New Charges Against 'Merchant of Death' Viktor Bout

Bout lived openly in Russia for years but was lured to Thailand by the DEA in March 2008, where he was arrested. A previous U.S. attempt to extradite Bout was rebuffed by Thai authorities, since the original charges against Bout focused on his relationship with FARC, and Thailand does not consider FARC a terrorist group. While in custody in Thailand, Bout has consistently denied the charges against him.

In a statement US Attorney for the Southern District of New York Preet Bharara said, "The United Nations and the United States have long-standing sanctions against Bout that stem from, among other things, his support of the most violent and destabilizing conflicts in recent African history. Until his arrest in March 2008, Bout had found a way to circumvent these sanctions, successfully evading the rule of law."

The new indictment mentions that Bout was in violation of UN Sanctions as far back as 2001 for his dealings with Taylor. These sanctions also covered Chichakli after 2005. Chichakli had not been charged previously but had had his assets seized and frozen by the US Treasury for his alleged connections with Bout.

The indictment alleges that in 2004 "Bout and Chichakli took steps to form new aviation and other companies, and took specific steps to register these companies in the name of other individuals….the defendants, created and registered Samar Airlines, which purported to be a commercial airline and a passenger and cargo aircraft charter service based in the Republic of Tajikistan."

The money-laundering charges in the indictment allege that Bout and Chichakli attempted to buy Boeing 727s for Samar airlines from a Florida aviation firm and that money from shell companies controlled by Bout were transferred to Samar accounts "in order to protect Bout's assets." The indictment alleges that money transfers for Samar flowed from bank accounts in Cyprus linked to Bout through an entity called Wartrex Holdings Limited to a bank in New York, as well as funds coming from Kazakhstan to accounts in Salt Lake City Utah for the Florida aviation company. The wire fraud charges list 6 specific wire transfers in 2007 ranging between $52,000 to $339,977.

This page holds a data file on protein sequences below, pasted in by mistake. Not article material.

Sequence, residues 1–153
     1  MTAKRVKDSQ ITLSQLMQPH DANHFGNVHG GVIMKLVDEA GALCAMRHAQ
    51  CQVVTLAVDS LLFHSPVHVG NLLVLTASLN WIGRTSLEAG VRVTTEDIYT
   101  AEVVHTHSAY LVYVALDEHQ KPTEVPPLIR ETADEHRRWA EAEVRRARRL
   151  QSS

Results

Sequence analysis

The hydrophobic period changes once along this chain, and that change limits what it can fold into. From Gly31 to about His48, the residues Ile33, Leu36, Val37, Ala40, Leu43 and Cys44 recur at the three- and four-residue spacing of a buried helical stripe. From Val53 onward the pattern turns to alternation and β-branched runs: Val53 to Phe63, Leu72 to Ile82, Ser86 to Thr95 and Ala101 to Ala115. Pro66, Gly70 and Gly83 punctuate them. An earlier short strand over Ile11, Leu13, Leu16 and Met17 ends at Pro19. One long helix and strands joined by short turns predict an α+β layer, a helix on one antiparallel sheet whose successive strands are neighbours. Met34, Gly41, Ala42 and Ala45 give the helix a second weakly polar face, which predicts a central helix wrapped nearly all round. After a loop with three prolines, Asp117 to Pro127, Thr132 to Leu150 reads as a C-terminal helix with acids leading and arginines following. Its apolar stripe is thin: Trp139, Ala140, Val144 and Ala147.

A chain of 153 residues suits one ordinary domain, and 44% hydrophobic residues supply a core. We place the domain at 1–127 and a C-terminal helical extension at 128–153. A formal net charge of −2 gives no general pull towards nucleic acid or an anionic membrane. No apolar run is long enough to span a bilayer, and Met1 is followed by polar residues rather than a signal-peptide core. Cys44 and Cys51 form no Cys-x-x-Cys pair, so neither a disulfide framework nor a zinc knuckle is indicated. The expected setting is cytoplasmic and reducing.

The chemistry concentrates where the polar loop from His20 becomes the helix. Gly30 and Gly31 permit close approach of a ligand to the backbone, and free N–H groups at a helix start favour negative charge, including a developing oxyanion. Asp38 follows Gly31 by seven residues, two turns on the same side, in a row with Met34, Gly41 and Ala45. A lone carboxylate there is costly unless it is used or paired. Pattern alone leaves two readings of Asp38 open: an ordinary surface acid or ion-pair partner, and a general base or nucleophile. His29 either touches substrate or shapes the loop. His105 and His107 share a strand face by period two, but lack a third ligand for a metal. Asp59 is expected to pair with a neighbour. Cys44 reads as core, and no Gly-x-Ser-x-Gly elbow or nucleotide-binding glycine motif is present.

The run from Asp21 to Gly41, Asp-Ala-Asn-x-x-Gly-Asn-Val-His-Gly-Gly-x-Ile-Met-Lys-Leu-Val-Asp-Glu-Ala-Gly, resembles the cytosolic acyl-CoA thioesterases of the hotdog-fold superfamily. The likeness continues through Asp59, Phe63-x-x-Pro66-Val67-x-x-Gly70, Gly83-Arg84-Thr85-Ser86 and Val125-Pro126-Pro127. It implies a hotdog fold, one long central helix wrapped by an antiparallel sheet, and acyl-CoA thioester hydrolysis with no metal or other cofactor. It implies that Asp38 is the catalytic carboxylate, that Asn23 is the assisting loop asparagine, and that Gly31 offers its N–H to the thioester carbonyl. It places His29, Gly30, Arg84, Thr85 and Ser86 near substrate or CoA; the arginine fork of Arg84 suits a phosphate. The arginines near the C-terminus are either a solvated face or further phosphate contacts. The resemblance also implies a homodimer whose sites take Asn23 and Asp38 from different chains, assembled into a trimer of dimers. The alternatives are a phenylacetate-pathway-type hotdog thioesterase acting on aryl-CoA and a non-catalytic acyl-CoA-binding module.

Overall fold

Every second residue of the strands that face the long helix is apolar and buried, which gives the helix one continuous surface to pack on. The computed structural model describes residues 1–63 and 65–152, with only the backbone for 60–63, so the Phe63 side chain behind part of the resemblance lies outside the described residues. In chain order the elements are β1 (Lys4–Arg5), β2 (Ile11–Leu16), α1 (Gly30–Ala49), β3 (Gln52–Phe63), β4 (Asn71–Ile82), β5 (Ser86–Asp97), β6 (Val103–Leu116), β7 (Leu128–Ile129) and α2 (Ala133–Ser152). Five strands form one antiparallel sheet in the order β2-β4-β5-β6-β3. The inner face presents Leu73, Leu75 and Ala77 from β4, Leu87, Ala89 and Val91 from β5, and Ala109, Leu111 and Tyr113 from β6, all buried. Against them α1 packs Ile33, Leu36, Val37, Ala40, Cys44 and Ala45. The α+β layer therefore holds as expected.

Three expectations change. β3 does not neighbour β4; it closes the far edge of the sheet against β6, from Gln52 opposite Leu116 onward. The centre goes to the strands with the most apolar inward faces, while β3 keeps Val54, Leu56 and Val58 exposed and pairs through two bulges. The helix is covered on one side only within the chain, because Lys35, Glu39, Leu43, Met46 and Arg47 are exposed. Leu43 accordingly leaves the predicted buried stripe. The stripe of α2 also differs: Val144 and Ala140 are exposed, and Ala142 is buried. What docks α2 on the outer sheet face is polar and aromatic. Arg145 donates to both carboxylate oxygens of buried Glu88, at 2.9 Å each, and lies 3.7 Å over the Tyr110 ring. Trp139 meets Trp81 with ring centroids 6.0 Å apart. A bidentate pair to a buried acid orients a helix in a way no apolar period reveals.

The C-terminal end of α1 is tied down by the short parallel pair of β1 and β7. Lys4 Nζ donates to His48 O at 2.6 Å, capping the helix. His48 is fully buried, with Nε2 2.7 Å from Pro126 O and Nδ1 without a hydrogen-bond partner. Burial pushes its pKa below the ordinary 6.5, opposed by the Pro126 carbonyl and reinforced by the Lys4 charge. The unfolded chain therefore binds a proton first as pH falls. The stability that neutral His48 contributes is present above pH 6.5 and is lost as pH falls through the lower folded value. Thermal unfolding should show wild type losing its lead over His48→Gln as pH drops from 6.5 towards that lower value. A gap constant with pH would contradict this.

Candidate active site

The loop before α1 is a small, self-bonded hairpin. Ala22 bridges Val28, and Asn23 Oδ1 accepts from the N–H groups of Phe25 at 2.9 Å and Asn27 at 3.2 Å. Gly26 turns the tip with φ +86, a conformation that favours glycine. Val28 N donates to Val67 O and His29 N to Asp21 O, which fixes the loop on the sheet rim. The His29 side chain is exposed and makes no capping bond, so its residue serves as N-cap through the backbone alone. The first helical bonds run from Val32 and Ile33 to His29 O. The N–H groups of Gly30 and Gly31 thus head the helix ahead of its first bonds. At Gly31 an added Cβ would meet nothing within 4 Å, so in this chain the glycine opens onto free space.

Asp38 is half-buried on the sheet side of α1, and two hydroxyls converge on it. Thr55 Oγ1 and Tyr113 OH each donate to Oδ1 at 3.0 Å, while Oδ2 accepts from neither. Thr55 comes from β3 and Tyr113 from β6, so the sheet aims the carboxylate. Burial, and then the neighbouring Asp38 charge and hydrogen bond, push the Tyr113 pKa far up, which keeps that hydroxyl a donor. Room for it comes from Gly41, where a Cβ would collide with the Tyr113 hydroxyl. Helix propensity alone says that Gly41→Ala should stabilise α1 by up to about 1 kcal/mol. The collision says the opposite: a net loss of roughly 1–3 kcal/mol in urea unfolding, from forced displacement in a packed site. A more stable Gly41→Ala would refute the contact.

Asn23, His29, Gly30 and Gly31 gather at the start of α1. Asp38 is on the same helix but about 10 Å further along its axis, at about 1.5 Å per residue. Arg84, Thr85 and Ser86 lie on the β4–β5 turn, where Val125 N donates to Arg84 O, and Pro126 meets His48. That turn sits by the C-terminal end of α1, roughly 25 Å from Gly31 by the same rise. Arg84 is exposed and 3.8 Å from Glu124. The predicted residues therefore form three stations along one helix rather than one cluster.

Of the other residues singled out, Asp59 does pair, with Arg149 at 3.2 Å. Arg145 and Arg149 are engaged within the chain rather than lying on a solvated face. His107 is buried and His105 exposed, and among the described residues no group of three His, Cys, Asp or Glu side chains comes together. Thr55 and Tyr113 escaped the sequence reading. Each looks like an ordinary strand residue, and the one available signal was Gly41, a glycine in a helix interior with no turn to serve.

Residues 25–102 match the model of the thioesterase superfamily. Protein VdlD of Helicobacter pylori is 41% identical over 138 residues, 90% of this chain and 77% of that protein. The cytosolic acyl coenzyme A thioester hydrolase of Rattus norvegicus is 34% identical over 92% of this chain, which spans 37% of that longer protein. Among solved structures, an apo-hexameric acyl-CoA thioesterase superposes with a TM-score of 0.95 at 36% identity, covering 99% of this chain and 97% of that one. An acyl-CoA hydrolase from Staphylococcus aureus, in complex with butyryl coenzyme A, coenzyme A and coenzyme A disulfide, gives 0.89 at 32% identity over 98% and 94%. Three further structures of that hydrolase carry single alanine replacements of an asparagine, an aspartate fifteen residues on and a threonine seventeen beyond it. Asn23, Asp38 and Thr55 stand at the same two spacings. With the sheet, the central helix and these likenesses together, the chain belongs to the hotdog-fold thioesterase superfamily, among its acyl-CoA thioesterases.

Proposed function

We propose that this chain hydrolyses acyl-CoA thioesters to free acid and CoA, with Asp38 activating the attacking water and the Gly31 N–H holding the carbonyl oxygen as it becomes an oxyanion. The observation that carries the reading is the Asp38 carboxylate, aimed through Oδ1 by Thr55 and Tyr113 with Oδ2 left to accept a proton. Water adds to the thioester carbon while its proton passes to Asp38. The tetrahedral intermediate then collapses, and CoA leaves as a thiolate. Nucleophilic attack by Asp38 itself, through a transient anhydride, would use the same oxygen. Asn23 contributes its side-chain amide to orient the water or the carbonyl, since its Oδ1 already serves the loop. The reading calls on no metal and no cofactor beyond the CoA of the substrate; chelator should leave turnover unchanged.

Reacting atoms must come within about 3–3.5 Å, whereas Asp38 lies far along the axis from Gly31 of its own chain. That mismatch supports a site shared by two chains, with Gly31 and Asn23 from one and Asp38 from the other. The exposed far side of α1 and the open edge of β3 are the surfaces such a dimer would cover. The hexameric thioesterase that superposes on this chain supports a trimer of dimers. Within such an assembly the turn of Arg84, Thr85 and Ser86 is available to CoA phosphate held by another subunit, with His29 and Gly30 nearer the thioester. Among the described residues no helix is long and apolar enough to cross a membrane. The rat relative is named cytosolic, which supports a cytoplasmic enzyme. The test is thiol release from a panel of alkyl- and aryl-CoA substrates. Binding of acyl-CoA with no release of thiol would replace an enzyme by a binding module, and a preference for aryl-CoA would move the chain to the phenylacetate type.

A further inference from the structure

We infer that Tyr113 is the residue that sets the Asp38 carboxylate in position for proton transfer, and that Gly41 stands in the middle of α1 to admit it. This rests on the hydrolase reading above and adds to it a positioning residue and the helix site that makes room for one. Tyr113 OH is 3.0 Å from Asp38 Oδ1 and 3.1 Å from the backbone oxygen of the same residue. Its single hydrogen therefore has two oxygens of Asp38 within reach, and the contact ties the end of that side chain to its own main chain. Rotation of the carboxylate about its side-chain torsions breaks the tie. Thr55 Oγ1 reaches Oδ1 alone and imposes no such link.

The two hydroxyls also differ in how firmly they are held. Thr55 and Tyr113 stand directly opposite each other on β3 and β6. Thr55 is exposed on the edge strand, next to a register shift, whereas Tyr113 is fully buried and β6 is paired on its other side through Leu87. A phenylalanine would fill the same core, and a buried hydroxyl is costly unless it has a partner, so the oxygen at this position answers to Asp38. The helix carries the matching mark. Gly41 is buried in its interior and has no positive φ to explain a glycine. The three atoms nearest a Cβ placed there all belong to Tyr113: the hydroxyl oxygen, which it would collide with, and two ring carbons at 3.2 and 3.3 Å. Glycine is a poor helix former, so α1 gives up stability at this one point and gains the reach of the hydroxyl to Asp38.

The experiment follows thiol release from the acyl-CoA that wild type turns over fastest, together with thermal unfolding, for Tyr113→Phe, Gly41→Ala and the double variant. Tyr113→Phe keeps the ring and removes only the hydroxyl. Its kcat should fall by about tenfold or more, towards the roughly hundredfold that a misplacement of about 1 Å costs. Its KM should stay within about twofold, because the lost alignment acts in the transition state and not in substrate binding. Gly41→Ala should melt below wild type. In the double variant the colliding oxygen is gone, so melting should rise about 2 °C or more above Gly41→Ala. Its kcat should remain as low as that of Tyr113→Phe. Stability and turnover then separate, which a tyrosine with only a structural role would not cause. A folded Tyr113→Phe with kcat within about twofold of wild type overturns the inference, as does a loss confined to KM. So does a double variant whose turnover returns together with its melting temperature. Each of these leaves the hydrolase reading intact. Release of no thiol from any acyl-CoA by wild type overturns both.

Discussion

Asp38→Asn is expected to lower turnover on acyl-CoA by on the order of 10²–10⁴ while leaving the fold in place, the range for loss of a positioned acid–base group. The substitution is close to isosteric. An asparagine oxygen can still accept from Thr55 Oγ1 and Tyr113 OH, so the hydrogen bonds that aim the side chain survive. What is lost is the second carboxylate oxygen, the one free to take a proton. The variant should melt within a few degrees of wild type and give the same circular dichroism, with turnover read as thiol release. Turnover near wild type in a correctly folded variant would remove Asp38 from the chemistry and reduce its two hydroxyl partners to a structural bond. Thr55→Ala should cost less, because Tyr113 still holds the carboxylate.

The UN Security Council passed 11 resolutions between 2001-2004 to express concern about the growing conflict and arms trade in Liberia. US officials may cite the UN violations in an effort to put pressure on Russia to allow Bout and Chichakli to be extradited to the US to face trial. Bout's arrest and detention has created friction between the U.S. and Russian governments. Russia has expressed interest in bringing Bout back home -- for his protection, it is widely believed, rather than his prosecution.

Chichakli, a U.S. citizen who once lived in Richardson, Texas, has been on the run since shortly after April 2005, when agents from the FBI and Treasury Department's Office of Foreign Asset Control raided his home. They seized his assets and business records, which allegedly showed that Bout moved money through the US through several front companies. Agents also recovered a stash of diamonds from his office, according to officials. Chichakli is believed to have fled to Syria where he had family but he later moved since he was unable to access his bank accounts.

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